We have a choice of communication method when dealing with problems.  In order of speed, I’d rank them as:
  • Face to face meeting
  • Phone call
  • Email/company website feedback form
  • Letter sent through post

The last two (email and letter) are for where time isn’t critical (especially letter) and are what are known as “asynchronous communication” (i.e. when you write the email/letter, it isn't read at the same time by the recipient).  Face to face meetings are fine if the person can meet straight away and you're in their office/store or work place, but most of us will use a phone call for highly urgent matters and email/company website feedback form for the rest. 

The advantage of having at least one “time sensitive” and one not-so time sensitive method of communication is that it helps to prioritise.  If we get a phone call, it would be fair to assume the matter’s urgent (to the other party, at least).    This doesn’t mean that we ignore an email or letter – both are important and should be handled professionally, but a phone calls’ “here and now”.

In short, if I want to report a problem and have it looked at over time and am not too worried about how quickly the other side gets back to me, I’ll use email.  If it’s urgent, I use the phone.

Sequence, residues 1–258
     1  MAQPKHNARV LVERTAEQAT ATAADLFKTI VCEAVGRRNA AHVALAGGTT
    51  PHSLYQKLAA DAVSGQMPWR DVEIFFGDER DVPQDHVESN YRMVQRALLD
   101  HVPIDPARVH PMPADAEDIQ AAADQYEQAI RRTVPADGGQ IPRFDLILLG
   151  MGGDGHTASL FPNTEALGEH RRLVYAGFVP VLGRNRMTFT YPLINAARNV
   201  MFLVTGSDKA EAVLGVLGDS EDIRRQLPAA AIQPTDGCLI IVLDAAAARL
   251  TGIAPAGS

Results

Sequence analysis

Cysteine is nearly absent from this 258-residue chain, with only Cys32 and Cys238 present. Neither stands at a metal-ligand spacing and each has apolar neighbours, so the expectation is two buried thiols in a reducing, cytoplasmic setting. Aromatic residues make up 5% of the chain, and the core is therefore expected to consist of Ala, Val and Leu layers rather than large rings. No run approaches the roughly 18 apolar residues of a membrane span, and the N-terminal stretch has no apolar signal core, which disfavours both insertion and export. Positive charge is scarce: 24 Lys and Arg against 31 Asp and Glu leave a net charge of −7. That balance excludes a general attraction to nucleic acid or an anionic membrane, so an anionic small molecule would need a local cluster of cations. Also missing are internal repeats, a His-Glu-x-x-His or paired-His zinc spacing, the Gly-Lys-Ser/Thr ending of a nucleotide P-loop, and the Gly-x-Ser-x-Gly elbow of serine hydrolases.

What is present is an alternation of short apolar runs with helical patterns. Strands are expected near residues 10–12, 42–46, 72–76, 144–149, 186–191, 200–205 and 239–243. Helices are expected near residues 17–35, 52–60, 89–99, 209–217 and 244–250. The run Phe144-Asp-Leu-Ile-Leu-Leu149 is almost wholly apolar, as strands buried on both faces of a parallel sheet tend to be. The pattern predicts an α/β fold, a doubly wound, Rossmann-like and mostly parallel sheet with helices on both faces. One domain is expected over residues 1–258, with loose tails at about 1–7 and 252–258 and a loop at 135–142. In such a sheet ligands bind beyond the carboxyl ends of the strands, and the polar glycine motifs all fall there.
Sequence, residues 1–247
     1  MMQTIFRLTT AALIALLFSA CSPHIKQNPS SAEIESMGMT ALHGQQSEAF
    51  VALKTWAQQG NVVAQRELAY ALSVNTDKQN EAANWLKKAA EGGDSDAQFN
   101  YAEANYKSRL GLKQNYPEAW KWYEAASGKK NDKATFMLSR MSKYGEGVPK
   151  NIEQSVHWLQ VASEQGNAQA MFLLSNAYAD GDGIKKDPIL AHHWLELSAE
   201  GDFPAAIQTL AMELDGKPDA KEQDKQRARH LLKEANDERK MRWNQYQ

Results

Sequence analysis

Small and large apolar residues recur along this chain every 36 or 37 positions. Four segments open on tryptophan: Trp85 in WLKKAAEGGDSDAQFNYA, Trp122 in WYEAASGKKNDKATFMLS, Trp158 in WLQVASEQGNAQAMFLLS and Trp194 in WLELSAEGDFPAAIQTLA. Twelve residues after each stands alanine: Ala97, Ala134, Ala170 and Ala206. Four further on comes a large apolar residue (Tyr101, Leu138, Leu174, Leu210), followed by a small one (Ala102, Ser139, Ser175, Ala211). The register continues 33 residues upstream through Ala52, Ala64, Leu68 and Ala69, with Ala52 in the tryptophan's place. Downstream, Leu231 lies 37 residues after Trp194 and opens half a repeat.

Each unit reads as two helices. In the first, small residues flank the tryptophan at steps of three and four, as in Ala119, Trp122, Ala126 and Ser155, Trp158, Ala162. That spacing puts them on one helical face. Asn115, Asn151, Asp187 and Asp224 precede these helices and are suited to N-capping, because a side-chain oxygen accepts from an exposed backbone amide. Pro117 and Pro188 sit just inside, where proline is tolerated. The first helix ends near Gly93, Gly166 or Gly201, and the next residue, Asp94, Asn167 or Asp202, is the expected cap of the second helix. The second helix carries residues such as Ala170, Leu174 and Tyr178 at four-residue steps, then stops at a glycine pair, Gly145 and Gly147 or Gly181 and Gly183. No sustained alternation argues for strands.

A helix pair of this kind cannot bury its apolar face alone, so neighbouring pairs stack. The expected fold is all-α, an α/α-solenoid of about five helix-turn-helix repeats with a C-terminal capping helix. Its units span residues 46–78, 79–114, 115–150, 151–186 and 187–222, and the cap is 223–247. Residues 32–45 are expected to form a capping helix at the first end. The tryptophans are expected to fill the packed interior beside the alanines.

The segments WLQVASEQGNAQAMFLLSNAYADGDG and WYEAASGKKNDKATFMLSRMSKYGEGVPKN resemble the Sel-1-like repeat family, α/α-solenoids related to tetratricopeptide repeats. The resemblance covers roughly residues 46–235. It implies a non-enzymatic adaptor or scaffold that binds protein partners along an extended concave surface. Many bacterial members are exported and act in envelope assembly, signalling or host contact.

It’s great to see businesses insist on only using the phone but why not give your customers the choice?  It could save time and money.



I have spent more than half my life delivering change in different world markets from the most developed to “emerging” economies. With more than 20 years in international financial services around the world  running different operations and lending businesses, I started my own Consultancy to provide solutions for improving performance, productivity and risk management.  I work with individuals, small businesses, charities, quoted companies and academic institutions across the world. An international speaker, trainer, author and fund-raiser, I can be contacted by email . My website provides a full picture of my portfolio of services.  For strategic questions that you should be asking yourself, follow me at @wkm610.

Labels: , , ,

Thursday, 29 June 2017

Don't Ignore Unhappy Customers

It’s a lucky organisation that can afford to ignore unhappy customers.  The only entities that may be able to do this are either government organisations (we have no choice but to deal with them) and monopolies.

A 2013 survey by Accenture found out that:
  • 71% of customers rely on word-of-mouth communications (just looks at the requests on Facebook if you need an example);
  • 43% use official review websites;
  • 25% use reviews and comments from social media websites.

 Looking at the above figures, I can relate to all of them. I’ll read customer reviews on Amazon or other sites before I buy and I live in a country which has a Facebook expat group page that is usually filled with requests for recommendations.